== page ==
Bad Bunny didn’t need to strap himself to a fake palm tree and fly right over the heads of his audience to make everyone feel close to him on Friday night.
To be clear, that’s just what the Puerto Rican singer-rapper did near the end of his sold-out concert at SoFi Stadium: a fine display of performing artistry in a traveling show, not misadvertised as the World’s Hottest Tour, which It also featured fireworks. , fog cannons, and a pair of giant, drone-powered inflatable dolphins.
However, Bad Bunny’s special sauce as a pop superstar is the intimacy of the bond he shares with his fans, many of whom call the 28-year-old by his real name, Benito. Through her quirky charm, her broad ideas about gender and sexuality, her dedication to the needs of her homeland, and of course through her music, which feels deeply personal and in tune with history at the same time. time, Bad Bunny has cultivated an international reputation. following whose intense devotion she has a kind of tight-knit family environment. People to know he (or think they do); More importantly, they believe Hears knows them, which is why SoFi erupted when she called out some of the many countries (Mexico, El Salvador, Cuba) that members of the crowd could proudly trace their roots to.
What’s even more remarkable about this sense of mutual belonging is that it has only risen alongside Bad Bunny’s fame since scoring his first chart success in 2016. Friday’s show was the first of two at the cavernous SoFi to wrap up the US leg of their tour. before traveling to Latin America for another couple dozen stadium shows behind his latest smash-hit studio album, “Un Verano Sin Ti,” the biggest LP of 2022 by far and the reason Bad Bunny is the act with the most nominations at next month’s Latin Grammy Awards. . (“Un Verano Sin Ti,” which draws inspiration from reggaeton, bachata, hip-hop, dembow, synth-pop, mambo and reggae) is expected to receive an album of the year nomination at the Grammys. non-Latinos of 2023, in which case it would become the first project in Spanish to be nominated in that category).
This week, the Los Angeles City Council even designated October 1. 1 as Bad Bunny Day, and Councilman Kevin de León said the artist’s “cultural impact will have a tremendous and positive influence on future generations and redefine Latino culture in Los Angeles for years to come.”
This level of fanfare can make a guy go all Bono. Before the flight and pyrotechnics, however, Bad Bunny kicked off Friday’s two-and-a-half-hour performance by relaxing in a beach chair next to a basic red and white cooler in a set designed to resemble a beach. All night he carried himself casually but with enough style to show that he enjoys the privilege of the adulation of his fans; his tender baritone voice, which he delivered on a microphone customized to resemble the sad heart figure on the cover of “Un Verano Sin Ti” (whose title translates as “A Summer Without You”), had a conversational quality, like if he exchanged confidences with tens of thousands of his closest friends.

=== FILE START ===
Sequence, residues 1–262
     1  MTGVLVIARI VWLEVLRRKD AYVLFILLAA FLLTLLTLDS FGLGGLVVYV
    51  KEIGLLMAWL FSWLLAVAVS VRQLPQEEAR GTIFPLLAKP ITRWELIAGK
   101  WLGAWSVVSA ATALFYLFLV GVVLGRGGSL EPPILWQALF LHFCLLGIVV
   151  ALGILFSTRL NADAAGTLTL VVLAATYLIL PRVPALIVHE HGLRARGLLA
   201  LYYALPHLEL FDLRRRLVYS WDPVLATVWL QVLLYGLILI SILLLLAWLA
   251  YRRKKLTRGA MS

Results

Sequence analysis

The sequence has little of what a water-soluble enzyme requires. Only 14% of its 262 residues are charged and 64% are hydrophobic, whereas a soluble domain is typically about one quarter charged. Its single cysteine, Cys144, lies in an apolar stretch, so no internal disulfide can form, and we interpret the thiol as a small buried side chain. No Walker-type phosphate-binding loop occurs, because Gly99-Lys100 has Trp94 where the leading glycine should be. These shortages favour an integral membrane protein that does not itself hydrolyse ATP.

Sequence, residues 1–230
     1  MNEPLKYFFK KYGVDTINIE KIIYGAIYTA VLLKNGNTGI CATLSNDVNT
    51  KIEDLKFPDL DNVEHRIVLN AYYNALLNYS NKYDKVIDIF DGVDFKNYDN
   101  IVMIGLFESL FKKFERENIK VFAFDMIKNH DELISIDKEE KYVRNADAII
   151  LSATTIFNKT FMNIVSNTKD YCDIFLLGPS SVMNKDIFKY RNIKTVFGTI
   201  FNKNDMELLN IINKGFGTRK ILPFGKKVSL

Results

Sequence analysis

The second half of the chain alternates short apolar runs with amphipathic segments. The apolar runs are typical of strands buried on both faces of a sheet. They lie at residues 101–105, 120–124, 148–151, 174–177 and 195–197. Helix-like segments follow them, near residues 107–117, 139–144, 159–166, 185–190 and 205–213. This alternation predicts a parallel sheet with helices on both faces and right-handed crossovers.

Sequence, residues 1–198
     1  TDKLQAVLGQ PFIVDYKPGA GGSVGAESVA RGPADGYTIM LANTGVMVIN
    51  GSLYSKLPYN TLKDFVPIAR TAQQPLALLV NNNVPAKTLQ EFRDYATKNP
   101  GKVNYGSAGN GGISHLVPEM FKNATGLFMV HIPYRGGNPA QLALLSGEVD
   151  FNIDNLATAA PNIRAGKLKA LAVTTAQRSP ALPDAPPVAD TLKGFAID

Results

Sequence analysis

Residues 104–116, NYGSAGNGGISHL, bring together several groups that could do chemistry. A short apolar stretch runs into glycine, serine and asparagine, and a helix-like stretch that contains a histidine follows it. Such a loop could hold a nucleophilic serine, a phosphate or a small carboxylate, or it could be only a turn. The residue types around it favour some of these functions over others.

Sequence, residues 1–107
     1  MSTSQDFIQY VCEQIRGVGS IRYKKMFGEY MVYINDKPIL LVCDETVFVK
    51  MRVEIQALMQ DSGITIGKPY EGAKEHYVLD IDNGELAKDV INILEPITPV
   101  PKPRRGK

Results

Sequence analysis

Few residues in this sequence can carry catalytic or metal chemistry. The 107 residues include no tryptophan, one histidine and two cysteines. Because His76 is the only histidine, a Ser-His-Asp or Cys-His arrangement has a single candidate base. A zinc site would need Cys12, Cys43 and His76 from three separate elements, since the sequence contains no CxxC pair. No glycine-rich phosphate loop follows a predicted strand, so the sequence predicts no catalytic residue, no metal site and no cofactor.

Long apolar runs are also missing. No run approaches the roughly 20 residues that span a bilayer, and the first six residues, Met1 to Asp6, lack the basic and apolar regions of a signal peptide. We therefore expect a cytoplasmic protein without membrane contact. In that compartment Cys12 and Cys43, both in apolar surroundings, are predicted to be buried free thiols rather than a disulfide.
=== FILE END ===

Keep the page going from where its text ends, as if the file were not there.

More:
At one point, she sat onstage with about 20 dancers, men and women of varying racial backgrounds and body types, and passed around a bottle of wine as she sang “Yo no soy Celoso,” a charming acoustic ballad about romantic jealousy. Moments later, Bad Bunny was back, bouncing off quick snippets of his hardest old Latin trap tunes. In both modes, his light-hearted charisma made the stadium feel small, even as the Bad Bunny bracelets his team had handed out glittered to the ceiling.
For what purposes does Bad Bunny use this special closeness? He’s challenging conventional notions of masculinity, as in a beautiful rendition of “Ojitos Lindos,” about someone rediscovering his feminine side, for which he teamed up with the song’s main guest, Liliana Saumet from Bomba Estéreo de Colombia, who was dressed a pink coat adorned with a cloth vagina.
It’s presenting a clear musical lineage, especially valuable in an era where digital broadcasting has made it easier than ever to take an ahistorical view of pop. (Think of “Un Verano Sin Ti” alongside Rosalía’s “Motomami” and Beyoncé’s “Renaissance” as key artifacts in a developing push among A-list stars to show their confidence in the work of pioneers.) In SoFi, Bad Bunny presented several important figures from reggaeton’s past: Chencho Corleone from Plan B, Jowell and Randy and Ivy Queen, giving the latter the stage so that she could do a brief performance of her own.
He is also, and perhaps there is a touch of Bono here after all, advocating for political change. For his penultimate song, Bad Bunny performed the throbbing, rave-heavy “El Apagón” (or “The Blackout”), which he wrote after a private company took control of Puerto Rico’s vulnerable power grid last year, and which was felt too relevant on Friday due to recent power outages on the island in the wake of Hurricane Fiona. The song is a furious critique of colonialism and its legacy, and Bad Bunny followed it up by inviting a live drummer and trumpeters to help him close the show with an extended jam on “Después de la Playa,” a raunchy post-Beach comedy. the swimming. in which the musicians and the public found an exultant solidarity.